Progress is being made in preparing to restore the Royal Arch plaque, an historic and curious feature in Montrose High Street.
On Friday (July 31), the fragile and crumbling wooden plaque, which sat above the Royal Arch bar, was removed by the Montrose Society, who are coordinating an exercise to restore it to its former glory.
Sandy Munro, society president, told the Review: “The immediate priority is to save it from further deterioration, and to conduct a full assessment with restoration and conservation experts about the steps required to secure its future.
“Angus Council and the property owners have been fully informed.”
The figures on the plaque are an enigma; there are two aproned masons, a seated woman with two children and a savage wielding a club.
They are flanked by four angelic figures who each hold a different symbol.
It has graced the High Street since the beginning of the 18th century and attracts visitors from France and beyond.
The ornate carved curiosity was made in France and erected in its current position by the captains of French sailing ships.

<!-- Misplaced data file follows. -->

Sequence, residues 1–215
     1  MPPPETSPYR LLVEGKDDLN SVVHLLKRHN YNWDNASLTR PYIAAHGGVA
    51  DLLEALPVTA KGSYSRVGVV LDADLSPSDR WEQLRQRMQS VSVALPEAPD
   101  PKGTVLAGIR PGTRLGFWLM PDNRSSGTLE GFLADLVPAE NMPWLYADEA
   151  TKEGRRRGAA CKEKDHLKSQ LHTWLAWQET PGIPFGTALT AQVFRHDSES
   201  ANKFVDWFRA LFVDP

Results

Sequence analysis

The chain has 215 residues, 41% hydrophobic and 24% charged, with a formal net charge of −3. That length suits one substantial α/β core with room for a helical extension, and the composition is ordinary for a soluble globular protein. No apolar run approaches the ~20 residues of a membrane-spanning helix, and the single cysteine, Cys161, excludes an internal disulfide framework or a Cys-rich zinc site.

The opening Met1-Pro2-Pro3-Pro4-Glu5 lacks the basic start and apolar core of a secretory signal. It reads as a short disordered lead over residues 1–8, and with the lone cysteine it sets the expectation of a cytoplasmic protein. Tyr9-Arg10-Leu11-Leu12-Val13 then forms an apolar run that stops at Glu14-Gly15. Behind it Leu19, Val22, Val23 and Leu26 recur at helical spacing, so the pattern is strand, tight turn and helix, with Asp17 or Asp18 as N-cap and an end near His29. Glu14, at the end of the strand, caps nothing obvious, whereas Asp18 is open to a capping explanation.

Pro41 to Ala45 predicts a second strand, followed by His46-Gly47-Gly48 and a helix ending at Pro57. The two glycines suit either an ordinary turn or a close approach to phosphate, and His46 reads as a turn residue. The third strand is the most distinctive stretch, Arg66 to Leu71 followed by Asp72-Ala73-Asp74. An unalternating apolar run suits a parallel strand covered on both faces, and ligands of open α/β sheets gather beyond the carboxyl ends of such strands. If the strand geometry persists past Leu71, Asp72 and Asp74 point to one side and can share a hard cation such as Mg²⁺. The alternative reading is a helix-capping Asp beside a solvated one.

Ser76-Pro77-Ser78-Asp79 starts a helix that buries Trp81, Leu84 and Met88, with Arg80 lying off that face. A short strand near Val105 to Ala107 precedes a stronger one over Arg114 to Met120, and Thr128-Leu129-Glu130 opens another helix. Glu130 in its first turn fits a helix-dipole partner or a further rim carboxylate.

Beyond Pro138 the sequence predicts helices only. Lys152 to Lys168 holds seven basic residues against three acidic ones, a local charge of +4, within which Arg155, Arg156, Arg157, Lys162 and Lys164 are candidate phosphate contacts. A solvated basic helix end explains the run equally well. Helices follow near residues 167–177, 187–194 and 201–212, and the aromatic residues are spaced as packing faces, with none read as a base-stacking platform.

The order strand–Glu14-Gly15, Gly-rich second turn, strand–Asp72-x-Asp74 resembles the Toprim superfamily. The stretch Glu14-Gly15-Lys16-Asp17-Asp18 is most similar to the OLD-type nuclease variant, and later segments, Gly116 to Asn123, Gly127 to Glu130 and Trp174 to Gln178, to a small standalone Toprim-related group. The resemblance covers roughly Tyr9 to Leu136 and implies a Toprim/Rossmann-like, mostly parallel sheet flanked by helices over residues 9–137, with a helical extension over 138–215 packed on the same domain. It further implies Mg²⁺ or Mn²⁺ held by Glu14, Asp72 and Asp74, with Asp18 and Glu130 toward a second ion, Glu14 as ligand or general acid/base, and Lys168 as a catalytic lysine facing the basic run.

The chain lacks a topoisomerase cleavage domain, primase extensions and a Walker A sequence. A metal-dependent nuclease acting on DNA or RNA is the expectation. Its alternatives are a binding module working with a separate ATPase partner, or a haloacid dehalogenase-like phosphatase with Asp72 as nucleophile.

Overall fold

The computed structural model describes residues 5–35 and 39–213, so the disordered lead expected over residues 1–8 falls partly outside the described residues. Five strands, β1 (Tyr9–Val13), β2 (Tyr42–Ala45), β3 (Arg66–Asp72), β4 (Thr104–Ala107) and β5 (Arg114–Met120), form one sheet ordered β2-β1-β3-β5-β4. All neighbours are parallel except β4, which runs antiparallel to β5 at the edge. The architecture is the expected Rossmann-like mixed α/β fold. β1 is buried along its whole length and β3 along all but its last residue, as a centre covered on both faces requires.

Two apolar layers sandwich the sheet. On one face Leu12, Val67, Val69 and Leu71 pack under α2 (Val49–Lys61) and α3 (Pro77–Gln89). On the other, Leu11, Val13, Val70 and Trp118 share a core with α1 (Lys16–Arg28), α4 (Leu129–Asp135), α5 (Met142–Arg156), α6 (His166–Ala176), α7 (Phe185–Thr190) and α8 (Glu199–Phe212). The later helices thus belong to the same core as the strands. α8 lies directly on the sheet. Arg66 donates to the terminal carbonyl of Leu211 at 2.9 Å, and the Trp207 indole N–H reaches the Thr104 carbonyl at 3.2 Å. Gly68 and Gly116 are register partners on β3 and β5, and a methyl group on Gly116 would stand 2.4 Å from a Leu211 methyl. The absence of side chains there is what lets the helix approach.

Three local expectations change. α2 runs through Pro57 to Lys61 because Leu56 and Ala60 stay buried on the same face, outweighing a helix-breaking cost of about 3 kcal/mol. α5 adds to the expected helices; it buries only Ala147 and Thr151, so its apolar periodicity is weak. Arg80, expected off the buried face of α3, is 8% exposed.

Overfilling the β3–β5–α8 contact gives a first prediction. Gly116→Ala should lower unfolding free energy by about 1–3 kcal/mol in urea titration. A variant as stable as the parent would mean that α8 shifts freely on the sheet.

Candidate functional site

French sailors arriving in Montrose at the time were Freemasons and they used to meet in the building which was then a coffee house.
One hundred years later the premises became a public house but the owners kept the sign and called the pub the Royal Arch.
Any information that members of the public may have on its history and interpretation would be most appreciated to complete the picture and explain its significance.
One certainty is that there will be substantial costs involved in restoring it, the extent of which will depend on the course of action recommended and adopted.
If you have any info about it please get in touch by emailing firstname.lastname@example.org.